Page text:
Dos and Don’ts When Trying to Get Media Coverage
Media coverage is one of the easiest and most effective ways to spread newsworthy information about your organization. And it’s also one of the best and quickest ways to grow your brand. Also it’s free. But getting past the gatekeepers is a challenge. They are cautious. When they realize you are trying to get coverage for an organization or business, they are thinking you should be talking to someone in advertising.
If you are using an agency, let them pitch. If you are on your own, effective pitching is a skill worth developing. Make sure to avoid these situations if you’d like free media coverage:
- “Dear Sir/Ma’am.”
Generic openings aren’t engaging or personal. Take the time to find out the name of the reporter you want to talk to.
- “I’d like some publicity for my new product.”
Reporters write stories that engage and entertain their readers. Instead of asking them, explain how covering your story would benefit them and the publication as a whole. Also, reporters aren’t publicists, so make sure your pitch is newsworthy.
- “What section is this story most appropriate for?”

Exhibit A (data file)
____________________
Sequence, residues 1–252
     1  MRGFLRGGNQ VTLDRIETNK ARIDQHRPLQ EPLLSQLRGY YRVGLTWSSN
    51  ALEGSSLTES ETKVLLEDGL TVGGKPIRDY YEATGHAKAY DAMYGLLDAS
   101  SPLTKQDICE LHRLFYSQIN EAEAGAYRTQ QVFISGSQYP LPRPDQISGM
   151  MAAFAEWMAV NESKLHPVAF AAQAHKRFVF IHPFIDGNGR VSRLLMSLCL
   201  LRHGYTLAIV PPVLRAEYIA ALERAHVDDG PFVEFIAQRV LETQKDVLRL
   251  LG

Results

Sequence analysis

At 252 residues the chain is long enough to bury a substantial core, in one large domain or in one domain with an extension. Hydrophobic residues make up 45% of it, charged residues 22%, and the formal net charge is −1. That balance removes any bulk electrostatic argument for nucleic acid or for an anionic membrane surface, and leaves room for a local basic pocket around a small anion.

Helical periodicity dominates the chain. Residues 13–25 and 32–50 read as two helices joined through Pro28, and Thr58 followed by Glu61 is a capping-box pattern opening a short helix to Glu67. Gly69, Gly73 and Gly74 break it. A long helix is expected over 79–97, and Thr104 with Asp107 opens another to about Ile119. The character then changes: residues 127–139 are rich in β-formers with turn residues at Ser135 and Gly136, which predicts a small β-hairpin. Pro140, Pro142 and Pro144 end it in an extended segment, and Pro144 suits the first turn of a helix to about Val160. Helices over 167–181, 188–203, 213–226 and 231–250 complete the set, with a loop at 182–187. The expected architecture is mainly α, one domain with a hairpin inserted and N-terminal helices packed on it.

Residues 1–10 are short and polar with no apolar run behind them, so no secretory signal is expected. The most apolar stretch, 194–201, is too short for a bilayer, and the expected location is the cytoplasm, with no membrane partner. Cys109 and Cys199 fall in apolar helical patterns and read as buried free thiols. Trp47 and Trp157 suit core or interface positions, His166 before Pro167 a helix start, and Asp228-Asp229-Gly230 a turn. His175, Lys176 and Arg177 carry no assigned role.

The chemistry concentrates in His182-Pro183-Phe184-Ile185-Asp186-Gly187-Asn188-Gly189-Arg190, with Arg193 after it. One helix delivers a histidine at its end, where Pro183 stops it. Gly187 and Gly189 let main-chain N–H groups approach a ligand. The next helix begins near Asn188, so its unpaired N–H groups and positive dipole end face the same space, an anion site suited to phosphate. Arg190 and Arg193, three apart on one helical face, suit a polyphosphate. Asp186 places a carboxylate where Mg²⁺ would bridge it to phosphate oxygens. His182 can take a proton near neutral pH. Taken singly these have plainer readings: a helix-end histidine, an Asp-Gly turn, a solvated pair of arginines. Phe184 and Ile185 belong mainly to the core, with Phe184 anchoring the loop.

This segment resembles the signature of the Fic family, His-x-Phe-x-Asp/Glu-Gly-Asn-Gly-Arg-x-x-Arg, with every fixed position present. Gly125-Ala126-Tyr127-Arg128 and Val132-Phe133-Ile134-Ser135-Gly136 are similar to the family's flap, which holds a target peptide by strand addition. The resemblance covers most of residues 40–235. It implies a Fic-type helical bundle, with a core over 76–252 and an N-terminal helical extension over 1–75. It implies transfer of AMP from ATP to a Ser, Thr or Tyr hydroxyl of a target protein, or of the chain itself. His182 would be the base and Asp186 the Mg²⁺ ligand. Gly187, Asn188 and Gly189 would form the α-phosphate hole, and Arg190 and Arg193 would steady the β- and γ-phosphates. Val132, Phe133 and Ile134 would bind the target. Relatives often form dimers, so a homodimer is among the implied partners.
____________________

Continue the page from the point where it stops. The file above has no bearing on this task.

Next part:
Before sending your pitch, make sure you’re familiar with the reporter’s beat and the overall theme of the publication. Asking about the appropriate section shows the journalist that you haven’t done your homework. Make sure you tailor your pitch to the appropriate section.
- “Are you interested in running this story?”
Don’t ask them if they’re interested. Tell them why it is important for their readers for them to cover your story. If you ask them to cover your story instead of explain why they should, you’re less likely to get the results you want. Reporters are on tight deadlines, which mean they probably don’t have time to respond to you.
This one is obvious, and yet so many organizations send in releases with misspellings, grammar errors or AP style issues. Reporters have keen eyes for these types of mistakes, so make sure you don’t lose their respect by making them. Always proofread your information before sending. Depending on the size of the media outlet, they may print your release as is. You certainly don’t want mistakes in it.
- Posted by Anton Drake
- On December 3, 2015
- 0 Comment